This article relies largely or entirely on a single source. (December 2016)
Lower Tenryu River in Hamamatsu
|Main source||Lake Suwa, Nagano Prefecture, Japan
759 m (2,490 ft)
|River mouth||Philippine Sea
0 m (0 ft)
|Length||132 mi (212 km)|
|River system||Tenryū River|
|Basin size||5,050 km2 (1,950 sq mi)|
The Tenryū River is the only river exiting Lake Suwa. It follows a generally southern course. The upper reaches of the river in the Ina Basin of Nagano Prefecture is a rich agricultural area. The river exits through a gap between the Kiso Mountains (Central Alps) and the Akaishi Mountains (Southern Alps), which forms the border between Shizuoka and Nagano Prefectures . This area is characterized by heavy rainfall (up to 3000 mm per year) and deep V-shaped valleys. Continuing south through Shizuoka Prefecture, the river drains a wide coastal plain noted for fruit and rice production. The city of Hamamatsu is near the river mouth at the Philippine Sea.
The Tenryū River is mentioned in Nara period records as the Violent Tenryū (暴れ天竜 Abare-Tenryū) for its fast, turbulent flow and its propensity to flood. The upper portion of the river (in Shinano Province) was referred to as the Tenryūgawa, whereas the lower portion (in Tōtōmi Province) was often referred to as the Aratama River (麁玉川 Aratama-gawa). In various entries in the national historical chronicle Shoku Nihongi, flooding of the river is mentioned in the years 710 CE and 765 CE. Records through the Heian period and Kamakura period are sparse, but from the Muromachi period, increasing efforts at flood control were made by various warlords and landholders along the river by construction of dikes, levees, and channels.
With the occupation of Hamamatsu Castle by Tokugawa Ieyasu, considerable efforts were made to increase the revenues of Tōtōmi Province through creation of new rice fields with irrigation from the Tenryū River. However, flooding remained a problem, including a great flood in 1674 which washed away many of the earthen works of previous centuries.
During the Edo period, the Tōkaidō (road) developed as the major highway linking Edo with Kyoto, and daimyōs from the western domains were forced to travel on a regular basis to Edo to attend to the shōgun in a system known as sankin-kōtai. However, the Tokugawa shogunate prohibited the building of bridges over major rivers as a security measure. As depicted in contemporary ukiyo-e prints by artists such as Hokusai, travelers crossed the river on ferryboats, as the current was too fast and too deep for fording. In cases of bad weather or high waters, they were forced to stay several days (or even several weeks) beside the river at post stations (shukuba) such as Mitsuke-juku.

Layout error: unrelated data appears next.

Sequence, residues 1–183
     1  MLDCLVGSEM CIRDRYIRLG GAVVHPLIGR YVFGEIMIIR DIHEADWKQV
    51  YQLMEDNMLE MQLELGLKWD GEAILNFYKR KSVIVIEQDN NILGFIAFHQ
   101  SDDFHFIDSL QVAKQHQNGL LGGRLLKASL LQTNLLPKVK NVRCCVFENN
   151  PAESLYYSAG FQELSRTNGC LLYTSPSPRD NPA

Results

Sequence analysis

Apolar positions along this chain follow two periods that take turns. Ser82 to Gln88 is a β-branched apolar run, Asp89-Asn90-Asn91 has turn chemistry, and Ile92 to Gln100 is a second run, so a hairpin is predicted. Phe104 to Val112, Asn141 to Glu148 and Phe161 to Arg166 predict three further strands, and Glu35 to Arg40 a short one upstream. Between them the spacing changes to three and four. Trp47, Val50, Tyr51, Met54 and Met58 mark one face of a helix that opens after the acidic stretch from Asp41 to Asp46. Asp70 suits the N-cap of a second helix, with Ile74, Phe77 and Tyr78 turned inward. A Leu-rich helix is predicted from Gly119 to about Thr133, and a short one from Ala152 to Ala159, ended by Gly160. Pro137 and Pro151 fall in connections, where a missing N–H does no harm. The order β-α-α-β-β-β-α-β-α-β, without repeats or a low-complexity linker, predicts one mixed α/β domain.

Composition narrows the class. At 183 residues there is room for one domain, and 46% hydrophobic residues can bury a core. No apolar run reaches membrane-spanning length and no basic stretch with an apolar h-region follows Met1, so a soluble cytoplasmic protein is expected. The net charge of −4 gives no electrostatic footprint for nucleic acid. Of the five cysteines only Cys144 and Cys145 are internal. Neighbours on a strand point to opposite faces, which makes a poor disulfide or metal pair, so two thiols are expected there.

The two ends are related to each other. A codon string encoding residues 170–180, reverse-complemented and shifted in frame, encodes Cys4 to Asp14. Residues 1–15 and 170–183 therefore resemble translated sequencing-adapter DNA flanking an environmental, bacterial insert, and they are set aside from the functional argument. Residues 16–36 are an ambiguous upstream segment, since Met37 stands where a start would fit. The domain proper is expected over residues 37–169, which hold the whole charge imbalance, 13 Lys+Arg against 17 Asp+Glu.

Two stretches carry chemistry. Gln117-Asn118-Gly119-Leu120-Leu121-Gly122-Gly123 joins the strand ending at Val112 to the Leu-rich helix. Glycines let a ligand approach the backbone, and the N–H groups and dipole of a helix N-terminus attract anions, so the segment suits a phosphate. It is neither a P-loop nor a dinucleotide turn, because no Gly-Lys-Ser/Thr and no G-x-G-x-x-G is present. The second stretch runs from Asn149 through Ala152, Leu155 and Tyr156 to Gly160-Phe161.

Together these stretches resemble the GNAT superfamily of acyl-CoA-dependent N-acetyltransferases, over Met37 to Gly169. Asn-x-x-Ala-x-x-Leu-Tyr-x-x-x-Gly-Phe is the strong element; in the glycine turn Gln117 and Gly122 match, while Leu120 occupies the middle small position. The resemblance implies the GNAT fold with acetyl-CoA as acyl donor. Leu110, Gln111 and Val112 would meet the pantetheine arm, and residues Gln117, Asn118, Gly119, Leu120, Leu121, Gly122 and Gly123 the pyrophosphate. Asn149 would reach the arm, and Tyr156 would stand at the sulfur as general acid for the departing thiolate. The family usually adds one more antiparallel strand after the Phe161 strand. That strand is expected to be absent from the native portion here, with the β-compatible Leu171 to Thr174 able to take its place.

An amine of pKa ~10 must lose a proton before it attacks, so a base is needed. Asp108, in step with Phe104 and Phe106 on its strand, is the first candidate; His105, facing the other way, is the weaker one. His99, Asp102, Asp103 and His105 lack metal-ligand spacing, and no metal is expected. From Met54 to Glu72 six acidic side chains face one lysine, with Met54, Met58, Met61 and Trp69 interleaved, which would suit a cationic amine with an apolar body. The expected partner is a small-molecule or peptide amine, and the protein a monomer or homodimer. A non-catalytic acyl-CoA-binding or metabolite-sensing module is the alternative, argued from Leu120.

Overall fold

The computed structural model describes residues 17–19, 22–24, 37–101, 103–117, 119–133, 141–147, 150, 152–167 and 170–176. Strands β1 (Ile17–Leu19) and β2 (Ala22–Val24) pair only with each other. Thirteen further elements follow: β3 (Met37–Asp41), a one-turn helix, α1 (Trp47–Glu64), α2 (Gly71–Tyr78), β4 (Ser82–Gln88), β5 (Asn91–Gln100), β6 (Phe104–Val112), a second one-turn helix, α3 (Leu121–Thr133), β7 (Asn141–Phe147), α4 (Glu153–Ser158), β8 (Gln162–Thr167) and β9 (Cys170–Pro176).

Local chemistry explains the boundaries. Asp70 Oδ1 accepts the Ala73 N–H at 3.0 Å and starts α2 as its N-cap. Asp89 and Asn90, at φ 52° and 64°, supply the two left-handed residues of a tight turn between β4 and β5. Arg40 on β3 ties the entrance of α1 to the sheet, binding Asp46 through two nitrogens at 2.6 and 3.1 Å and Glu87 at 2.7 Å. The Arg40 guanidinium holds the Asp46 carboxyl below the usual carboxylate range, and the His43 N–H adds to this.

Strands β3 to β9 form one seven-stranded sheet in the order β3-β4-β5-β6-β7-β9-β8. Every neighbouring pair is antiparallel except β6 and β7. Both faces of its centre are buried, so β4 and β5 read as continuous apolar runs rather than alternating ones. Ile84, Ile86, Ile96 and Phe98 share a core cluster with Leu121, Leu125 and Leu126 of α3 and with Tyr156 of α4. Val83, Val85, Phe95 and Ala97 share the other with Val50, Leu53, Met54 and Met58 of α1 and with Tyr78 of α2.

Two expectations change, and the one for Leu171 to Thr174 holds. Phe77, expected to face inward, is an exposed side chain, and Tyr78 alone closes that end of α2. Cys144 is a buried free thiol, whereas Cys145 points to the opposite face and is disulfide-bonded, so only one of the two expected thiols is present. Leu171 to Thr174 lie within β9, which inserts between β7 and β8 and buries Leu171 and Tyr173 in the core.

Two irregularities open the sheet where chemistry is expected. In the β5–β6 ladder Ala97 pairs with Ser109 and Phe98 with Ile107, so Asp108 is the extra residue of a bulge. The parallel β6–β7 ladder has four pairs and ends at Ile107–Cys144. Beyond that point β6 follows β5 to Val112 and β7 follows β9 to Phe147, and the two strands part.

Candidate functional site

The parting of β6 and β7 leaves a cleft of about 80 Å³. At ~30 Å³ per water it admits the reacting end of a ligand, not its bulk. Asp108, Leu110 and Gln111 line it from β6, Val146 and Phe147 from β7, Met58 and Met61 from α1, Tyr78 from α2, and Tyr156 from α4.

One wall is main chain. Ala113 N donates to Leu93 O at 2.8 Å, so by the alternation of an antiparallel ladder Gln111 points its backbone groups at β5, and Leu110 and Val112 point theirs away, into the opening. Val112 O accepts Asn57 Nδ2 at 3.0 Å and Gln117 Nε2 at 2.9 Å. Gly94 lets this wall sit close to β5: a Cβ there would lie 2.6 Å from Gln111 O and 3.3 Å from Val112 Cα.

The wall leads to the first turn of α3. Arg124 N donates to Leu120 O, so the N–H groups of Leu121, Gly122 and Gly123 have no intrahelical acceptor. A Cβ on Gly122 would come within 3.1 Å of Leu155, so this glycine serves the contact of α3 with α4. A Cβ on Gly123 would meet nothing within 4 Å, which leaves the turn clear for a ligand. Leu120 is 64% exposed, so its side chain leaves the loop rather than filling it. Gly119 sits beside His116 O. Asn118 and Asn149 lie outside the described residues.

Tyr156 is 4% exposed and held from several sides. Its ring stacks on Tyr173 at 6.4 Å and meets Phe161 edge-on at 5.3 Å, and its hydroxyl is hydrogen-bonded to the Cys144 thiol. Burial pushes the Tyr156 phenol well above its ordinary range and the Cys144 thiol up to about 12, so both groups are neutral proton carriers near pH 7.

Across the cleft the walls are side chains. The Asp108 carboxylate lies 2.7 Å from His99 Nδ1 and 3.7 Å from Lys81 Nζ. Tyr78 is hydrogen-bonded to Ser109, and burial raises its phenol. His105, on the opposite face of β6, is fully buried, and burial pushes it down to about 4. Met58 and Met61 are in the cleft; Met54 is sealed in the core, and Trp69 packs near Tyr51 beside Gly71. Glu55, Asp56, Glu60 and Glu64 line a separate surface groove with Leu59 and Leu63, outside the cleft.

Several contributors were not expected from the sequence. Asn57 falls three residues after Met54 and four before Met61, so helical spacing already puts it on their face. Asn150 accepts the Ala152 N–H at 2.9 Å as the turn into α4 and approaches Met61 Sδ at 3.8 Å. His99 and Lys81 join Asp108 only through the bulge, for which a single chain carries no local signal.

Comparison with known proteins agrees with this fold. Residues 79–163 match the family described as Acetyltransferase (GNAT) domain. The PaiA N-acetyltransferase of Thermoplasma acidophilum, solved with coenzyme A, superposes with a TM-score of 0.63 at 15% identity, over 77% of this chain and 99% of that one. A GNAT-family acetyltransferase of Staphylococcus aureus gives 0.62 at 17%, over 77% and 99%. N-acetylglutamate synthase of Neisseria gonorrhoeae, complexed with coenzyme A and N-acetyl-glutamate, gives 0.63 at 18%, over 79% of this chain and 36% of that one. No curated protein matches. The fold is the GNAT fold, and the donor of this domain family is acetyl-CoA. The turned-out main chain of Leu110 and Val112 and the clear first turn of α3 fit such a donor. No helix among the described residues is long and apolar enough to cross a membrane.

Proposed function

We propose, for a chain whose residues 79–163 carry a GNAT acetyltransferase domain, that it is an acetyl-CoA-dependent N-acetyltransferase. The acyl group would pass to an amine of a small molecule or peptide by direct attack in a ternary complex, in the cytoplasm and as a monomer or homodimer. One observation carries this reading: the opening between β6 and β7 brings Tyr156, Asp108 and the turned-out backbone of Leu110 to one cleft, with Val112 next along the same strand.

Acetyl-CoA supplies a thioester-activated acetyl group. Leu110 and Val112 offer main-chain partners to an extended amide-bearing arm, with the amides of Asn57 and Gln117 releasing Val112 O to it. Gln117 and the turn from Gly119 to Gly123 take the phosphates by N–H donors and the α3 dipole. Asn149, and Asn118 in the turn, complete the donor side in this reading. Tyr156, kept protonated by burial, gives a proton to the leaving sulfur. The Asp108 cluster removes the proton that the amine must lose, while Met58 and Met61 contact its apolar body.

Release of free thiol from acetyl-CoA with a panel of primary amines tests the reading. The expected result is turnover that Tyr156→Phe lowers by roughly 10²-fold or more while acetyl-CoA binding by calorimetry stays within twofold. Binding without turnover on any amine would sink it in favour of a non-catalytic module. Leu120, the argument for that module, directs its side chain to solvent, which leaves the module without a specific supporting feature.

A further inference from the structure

The potential of the Tenryū River valley for hydroelectric power development was realized by the Meiji government at the start of the 20th century. The Tenryū River was characterized by a high volume of flow and a fast current. Its mountainous upper reaches and tributaries were areas of steep valleys and abundant rainfall, and were sparsely populated. However, the bulk of investment in hydroelectric power generation in the region was centered on the Ōi River, and it was not until the Taishō period that development began on the Tenryū River.
Private entrepreneur Fukuzawa Momosuke founded the Tenryūgawa Electric Power (天竜川電力 Tenryūgawa Denroku), which later became Yahagi Hydroelectric (矢作水力 Yahagi Suiroku) before it was nationalized into the pre-war government monopoly Japan Electric Generation and Transmission Company (日本発送電株式会社 Nippon Hassoden K.K.) in 1938. The first dam on the main stream of the Tenryu River, the Yasuoka Dam was completed in 1935. This was followed by the Iwakura Dam in 1938. The Hiraoka Dam was started in 1938, but completed until 1951 due to the start of World War II.
After the end of World War II, the American occupation authorities ordered the dissolution of Nippon Hassoden, which was divided into regional power companies. Central Japan came under Chubu Electric Power, which inherited the various dams and projects on the Tenryū River, all of which were located in Nagano Prefecture. For develop of the hydroelectric potential of the river in Shizuoka Prefecture, the government turned to the Electric Power Development Company. The new company, in part through foreign aid loans from the United Nations, and with the use of new dam technologies completed the huge Sakuma Dam in the 1956, at the time the 10th largest in the world. Further dams were completed in the 1960s and 1970s until the completion of the Funagira Dam in 1976 brought development of the Tenryū River to a close.
These dams have altered the once abundant flow of the Tenryū River, and the lower reaches of the river near its mouth are almost dry.
This has had the unexpected effect of greatly increased erosion on the coastline of Shizuoka Prefecture, near Hamamatsu, especially around the Nakatajima Sand Dunes. Meanwhile, at the same time, the vast amount of sand and silt trapped in various dams upstream have resulted in greatly lowered operational lives than originally projected. Methods to increase dredging in dams and to channel the silt and sand downstream to the ocean via a series of pipelines have been explored.
The Tenryū River Valley is partially within the Tenryū-Okumikawa Quasi-National Park.
The Tenryū Hamanako Railroad Tenryū Hamanako Line runs along the lower reaches of the Tenryū River valley, whereas the Iida Line runs along the upper reaches of the river into upper Shizuoka and Nagano prefectures, with a stop at Sakuma Station near the namesake dam.
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